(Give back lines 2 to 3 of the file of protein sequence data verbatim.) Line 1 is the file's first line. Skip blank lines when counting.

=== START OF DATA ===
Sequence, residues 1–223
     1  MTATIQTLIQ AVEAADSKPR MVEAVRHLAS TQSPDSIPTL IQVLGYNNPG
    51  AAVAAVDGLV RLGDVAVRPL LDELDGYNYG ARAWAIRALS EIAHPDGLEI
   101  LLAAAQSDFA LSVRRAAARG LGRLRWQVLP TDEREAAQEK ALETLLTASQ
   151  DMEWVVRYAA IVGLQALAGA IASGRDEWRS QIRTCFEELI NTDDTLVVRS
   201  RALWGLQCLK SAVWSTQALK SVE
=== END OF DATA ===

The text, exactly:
     1  MTATIQTLIQ AVEAADSKPR MVEAVRHLAS TQSPDSIPTL IQVLGYNNPG
    51  AAVAAVDGLV RLGDVAVRPL LDELDGYNYG ARAWAIRALS EIAHPDGLEI